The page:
Addressing Common Misconceptions about Medical Cannabis

Addressing Concerns and Misconceptions about Medical Cannabis

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In the UK, medical cannabis is regularly a topic of debate, surrounded by a number of misconceptions. Let’s take a look at some of the common misconceptions to alleviate fears and allow you to make confident, informed decisions when considering medical cannabis as a potential treatment option.

In this blog, we’re going to address some of the common myths head on to alleviate fears and support everyone’s right to make informed decisions about medical cannabis as a potential treatment option.

Medical Cannabis is highly addictive

One of the most common misconceptions about medical cannabis is its addictive potential. 

Although cannabis contains psychoactive compounds, the risk of addiction is significantly lower when compared to substances such as opioids or alcohol. As well as this, the risk of addiction to medical cannabis is also much lower than street cannabis, as levels are able to be controlled and tailored to your specific needs.

Research suggests that the addiction potential of cannabis is around 9%, significantly lower than the estimated 23% for heroin and 15% for alcohol. 

Importantly, medical cannabis is often used in controlled and regulated environments, with trained healthcare professionals – such as our Treat It specialists, who are able to monitor its use and help minimise the risk of misuse or dependence.

Medical Cannabis Always Causes Impairment

Another key misconception associated with medical cannabis is that it always causes impairment and cognitive decline. 

Whilst this may sometimes apply to high-strength recreational cannabis, medical cannabis treatment is typically tailored to minimise these effects. At Treat It, our specialist doctors adjust dosage and administration methods to ensure patients experience symptom relief without significant impairment. 

The cannabinoid CBD is specifically known for its non-intoxicating properties. Studies have shown that low to moderate doses, particularly those high in CBD and low in THC, have a lower likelihood of causing impairment.  

Medical cannabis patients should always follow their healthcare provider’s guidance regarding dosage, timing and responsible use to achieve the desired therapeutic effects while minimising impairment.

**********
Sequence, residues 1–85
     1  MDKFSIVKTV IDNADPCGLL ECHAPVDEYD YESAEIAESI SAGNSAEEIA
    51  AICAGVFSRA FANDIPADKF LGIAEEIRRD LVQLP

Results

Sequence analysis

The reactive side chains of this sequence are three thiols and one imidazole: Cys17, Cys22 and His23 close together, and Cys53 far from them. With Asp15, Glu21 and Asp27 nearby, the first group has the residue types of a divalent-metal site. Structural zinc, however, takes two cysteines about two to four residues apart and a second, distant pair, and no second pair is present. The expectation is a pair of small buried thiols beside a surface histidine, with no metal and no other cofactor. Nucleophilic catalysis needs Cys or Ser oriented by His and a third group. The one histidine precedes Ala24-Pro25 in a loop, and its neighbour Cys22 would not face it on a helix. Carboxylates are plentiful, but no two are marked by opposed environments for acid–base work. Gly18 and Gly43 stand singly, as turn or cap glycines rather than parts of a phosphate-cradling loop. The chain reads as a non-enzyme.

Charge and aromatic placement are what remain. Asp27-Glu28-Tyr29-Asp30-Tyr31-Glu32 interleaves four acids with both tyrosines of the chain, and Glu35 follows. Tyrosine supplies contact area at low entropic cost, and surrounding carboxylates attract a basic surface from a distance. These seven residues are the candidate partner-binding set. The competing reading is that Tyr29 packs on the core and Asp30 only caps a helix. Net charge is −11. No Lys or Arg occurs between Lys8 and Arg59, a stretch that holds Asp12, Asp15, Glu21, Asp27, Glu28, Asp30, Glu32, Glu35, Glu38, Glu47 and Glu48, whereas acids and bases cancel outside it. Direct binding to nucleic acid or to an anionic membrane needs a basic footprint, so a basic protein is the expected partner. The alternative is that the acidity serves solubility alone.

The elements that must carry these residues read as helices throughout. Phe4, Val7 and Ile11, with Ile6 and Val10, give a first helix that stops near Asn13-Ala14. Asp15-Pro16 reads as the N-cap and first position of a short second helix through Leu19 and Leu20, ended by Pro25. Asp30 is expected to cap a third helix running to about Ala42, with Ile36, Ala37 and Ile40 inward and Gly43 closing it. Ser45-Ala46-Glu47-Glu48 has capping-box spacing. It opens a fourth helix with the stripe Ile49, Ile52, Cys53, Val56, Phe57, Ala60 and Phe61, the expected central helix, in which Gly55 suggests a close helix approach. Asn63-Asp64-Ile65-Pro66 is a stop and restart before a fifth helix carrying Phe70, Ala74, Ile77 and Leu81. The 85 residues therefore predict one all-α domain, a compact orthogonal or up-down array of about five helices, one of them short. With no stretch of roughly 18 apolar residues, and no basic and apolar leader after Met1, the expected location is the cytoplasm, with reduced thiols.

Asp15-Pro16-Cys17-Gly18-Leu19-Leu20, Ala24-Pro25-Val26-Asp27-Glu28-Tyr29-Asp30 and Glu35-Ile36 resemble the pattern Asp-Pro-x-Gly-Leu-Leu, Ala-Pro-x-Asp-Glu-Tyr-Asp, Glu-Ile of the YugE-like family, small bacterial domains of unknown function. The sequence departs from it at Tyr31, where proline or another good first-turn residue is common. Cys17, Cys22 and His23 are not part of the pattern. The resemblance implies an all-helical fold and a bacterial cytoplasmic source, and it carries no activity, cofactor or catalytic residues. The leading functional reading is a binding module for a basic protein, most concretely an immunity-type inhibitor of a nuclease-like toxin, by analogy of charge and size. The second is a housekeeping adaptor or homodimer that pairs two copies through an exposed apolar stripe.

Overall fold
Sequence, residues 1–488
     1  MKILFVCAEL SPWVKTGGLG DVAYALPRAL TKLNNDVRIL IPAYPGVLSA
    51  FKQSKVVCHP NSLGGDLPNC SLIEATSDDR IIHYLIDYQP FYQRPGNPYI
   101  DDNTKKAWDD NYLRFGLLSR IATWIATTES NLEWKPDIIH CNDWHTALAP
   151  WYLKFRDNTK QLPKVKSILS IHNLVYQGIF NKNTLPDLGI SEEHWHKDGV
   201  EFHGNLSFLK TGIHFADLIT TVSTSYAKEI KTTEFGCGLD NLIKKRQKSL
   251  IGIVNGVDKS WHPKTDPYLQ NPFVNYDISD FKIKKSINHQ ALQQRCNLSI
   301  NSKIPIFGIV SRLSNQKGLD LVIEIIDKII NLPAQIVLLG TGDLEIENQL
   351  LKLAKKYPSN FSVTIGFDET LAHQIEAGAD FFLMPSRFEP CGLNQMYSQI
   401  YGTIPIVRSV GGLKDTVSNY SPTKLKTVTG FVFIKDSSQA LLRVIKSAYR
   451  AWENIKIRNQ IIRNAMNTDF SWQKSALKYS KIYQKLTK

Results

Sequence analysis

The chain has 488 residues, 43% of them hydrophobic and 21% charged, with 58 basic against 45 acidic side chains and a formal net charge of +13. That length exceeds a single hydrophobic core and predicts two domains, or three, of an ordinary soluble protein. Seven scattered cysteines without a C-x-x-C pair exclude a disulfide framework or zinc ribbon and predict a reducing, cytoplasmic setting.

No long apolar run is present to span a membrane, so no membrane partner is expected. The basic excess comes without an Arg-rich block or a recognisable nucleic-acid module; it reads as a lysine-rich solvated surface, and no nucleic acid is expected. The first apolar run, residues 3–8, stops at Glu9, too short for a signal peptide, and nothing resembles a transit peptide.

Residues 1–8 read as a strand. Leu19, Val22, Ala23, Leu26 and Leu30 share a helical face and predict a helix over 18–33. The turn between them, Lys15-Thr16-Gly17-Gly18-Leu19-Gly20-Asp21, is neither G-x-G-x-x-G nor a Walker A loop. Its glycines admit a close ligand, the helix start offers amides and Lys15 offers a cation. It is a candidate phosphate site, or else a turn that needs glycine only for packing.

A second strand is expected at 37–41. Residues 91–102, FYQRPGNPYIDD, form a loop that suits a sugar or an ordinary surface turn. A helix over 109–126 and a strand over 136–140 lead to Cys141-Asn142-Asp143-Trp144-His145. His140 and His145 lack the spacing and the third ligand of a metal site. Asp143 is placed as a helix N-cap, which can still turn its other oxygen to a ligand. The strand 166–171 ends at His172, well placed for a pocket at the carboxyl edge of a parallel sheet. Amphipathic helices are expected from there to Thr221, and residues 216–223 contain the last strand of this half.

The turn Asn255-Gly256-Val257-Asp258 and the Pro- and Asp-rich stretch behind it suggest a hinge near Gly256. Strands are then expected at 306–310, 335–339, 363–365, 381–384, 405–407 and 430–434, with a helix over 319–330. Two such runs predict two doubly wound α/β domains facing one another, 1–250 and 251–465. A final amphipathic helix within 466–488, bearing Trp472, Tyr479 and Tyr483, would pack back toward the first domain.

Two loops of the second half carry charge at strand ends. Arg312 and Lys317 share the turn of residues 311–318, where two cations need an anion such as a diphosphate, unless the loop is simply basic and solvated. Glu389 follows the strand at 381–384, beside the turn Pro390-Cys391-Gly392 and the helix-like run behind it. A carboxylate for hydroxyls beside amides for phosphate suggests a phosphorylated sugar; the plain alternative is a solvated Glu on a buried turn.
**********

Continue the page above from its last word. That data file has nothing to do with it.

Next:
Medical Cannabis has Severe Long-Term Effects

As with any medication, patients are often concerned about the potential long-term effects that may accompany medical cannabis treatment. 

This is a misconception we hear a lot. However, research suggests that the risks of long-term use are relatively low, particularly when compared with other prescription medications. In reality, the majority of medical cannabis side effects are both mild and temporary and most people don’t experience significant issues when using their medication.

A study published in the Journal of Pain found that medical cannabis use over one year was associated with mildly adverse effects, with no significant negative impact on cognitive function.

It’s also important to distinguish between medical cannabis use under the supervision of healthcare professionals and long-term recreational use. Medical cannabis treatments are designed to prioritise patient safety, with close monitoring by healthcare professionals to identify and address any concerns.

Separating fact from fiction is essential when it comes to addressing misconceptions surrounding medical cannabis. By debunking these myths, we are committed to promoting a better understanding of medical cannabis as a treatment option.

Consultations with healthcare professionals and adherence to their advice are crucial to ensure safe and effective use of medical cannabis. This is why our Treat It specialists are available now to learn more about your pain symptoms, treatment preferences and medical history, so they can suggest the appropriate treatment options for you.


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